Garlic proves potent in reducing blood sugar and cholesterol, study reveals

In a recent study published in the journal Nutrients, a group of researchers in China conducted a systematic review and meta-analysis to investigate the effects of garlic on blood lipid and glucose levels in humans.


Chronic non-communicable diseases, including cardiovascular diseases, chronic respiratory diseases, cancers, and diabetes, cause 41 million deaths annually. Glucose and lipids are crucial for energy, and their dysregulation can lead to atherosclerosis, diabetes, and fatty liver disease. Dyslipidemia, with high total cholesterol (TC), low-density lipoprotein cholesterol (LDL-C), triglycerides (TG), and low high-density lipoprotein cholesterol (HDL-C), is a major cardiovascular risk factor. Current treatments for metabolic diseases focus on symptom relief and have side effects. Garlic, rich in compounds like allicin, shows potential in regulating glucose and lipids. Further research is needed to understand its mechanisms, optimal dosage, and long-term effects.

About the study

In the present study, four databases- Embase, PubMed, Cochrane Library, and Web of Science were searched up to February 2024 using terms related to garlic, glucose, and lipid metabolism. Additional eligible trials were identified through manual searches, and the study adhered to the guidelines of the Preferred Reporting Items for Systematic Reviews and Meta-Analyses (PRISMA) 2020. Inclusion criteria were randomized clinical trials over two weeks, reporting outcomes like Hemoglobin A1c (HbA1c), fasting blood glucose (FBG), TC, HDL-C, LDL-C, and TG, involving adults aged 18 or older, with a placebo control group. Exclusions included non-garlic interventions, combined supplements, pregnant participants, non-clinical studies, and incomplete data.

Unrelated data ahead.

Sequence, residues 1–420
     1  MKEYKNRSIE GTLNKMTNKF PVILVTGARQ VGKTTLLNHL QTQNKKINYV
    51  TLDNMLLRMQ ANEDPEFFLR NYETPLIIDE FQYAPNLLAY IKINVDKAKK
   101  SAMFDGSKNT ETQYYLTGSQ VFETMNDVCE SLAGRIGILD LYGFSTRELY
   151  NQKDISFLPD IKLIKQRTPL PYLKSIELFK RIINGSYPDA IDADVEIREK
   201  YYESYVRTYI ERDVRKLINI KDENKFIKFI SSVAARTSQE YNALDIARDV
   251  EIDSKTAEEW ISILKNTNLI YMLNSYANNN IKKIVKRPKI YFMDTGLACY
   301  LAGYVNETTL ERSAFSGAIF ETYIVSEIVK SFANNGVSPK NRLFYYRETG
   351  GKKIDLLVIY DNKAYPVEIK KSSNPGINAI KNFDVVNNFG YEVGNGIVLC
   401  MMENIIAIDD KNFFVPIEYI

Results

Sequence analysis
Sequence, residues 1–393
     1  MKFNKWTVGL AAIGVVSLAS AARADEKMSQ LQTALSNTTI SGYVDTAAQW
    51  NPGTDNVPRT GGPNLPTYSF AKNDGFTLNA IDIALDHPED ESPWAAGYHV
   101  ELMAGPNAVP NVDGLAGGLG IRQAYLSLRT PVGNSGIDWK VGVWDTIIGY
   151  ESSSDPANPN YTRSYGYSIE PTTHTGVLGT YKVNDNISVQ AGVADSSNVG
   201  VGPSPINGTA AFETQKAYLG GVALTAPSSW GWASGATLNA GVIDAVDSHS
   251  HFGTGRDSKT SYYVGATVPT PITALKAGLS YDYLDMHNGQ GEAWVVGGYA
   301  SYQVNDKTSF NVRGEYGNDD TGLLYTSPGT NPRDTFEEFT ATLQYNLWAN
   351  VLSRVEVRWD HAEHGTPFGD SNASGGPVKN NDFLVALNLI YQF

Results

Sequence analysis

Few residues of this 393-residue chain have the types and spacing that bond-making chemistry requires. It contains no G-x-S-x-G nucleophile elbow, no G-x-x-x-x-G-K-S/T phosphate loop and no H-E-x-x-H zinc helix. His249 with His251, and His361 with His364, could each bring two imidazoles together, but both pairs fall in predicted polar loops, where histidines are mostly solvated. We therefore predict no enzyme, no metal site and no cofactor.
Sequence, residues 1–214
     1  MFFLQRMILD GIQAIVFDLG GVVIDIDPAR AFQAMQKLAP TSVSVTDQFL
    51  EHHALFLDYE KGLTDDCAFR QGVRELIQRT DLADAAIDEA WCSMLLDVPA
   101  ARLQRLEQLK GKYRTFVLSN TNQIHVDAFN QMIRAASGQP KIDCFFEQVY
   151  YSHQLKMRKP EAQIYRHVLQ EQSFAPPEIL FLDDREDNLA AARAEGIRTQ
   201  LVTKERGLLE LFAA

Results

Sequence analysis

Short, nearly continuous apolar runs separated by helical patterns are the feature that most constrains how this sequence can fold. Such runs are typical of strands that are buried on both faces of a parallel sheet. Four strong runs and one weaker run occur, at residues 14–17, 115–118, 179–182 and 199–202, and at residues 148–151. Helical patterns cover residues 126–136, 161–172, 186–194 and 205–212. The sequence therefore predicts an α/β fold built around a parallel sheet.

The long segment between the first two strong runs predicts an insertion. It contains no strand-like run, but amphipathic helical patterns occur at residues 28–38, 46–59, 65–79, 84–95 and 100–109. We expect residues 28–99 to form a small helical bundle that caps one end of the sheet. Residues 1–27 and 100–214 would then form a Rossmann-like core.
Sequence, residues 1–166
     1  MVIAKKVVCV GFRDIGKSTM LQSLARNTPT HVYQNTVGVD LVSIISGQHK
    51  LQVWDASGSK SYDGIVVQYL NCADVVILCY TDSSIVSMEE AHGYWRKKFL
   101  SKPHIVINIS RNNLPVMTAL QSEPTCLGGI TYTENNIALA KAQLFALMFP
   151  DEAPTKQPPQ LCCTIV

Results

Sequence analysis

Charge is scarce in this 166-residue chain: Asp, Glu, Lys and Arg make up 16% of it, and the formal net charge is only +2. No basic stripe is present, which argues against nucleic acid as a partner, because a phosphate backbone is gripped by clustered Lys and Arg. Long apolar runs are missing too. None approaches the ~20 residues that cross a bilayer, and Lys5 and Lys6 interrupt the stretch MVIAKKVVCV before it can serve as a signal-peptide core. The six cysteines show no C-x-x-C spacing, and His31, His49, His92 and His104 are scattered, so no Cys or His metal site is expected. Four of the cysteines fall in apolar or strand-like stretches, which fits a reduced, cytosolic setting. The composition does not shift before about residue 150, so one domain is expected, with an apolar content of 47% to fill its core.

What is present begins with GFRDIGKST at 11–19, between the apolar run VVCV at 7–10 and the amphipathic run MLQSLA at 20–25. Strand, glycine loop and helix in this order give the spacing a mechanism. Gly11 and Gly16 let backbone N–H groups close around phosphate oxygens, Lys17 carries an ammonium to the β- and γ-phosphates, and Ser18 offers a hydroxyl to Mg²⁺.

Two researchers independently extracted data, including study details, sample size, demographics, and mean and standard deviation values for glucose and lipid indicators. Study quality was assessed using Cochrane Collaboration tools, evaluating bias risk factors.

Data analysis involved converting glycated hemoglobin units and standardizing blood glucose and lipid levels. Mean outcome changes were calculated from baseline and endpoint data, assessing heterogeneity with chi-square tests and the I2 index. Significant heterogeneity led to using a random-effects model with a significance threshold of 0.05. Subgroup analyses and sensitivity analyses were conducted to explore heterogeneity sources and the impact of individual studies. Publication bias was evaluated using funnel plots and Egger’s test, with trim and fill analysis for stability assessment.

Study results

A comprehensive search of four databases yielded 2,553 relevant papers. 550 duplicate publications were identified and excluded. Titles and abstracts were carefully evaluated, leading to the exclusion of 1,830 papers deemed irrelevant. The remaining 173 papers underwent a thorough qualification review, excluding 151 papers due to incomplete data, unavailability of full text, use of cinnamon in combination with other drugs, or the absence of a placebo in the control group. Ultimately, the analysis included 22 pieces of literature, comprising 29 trials.

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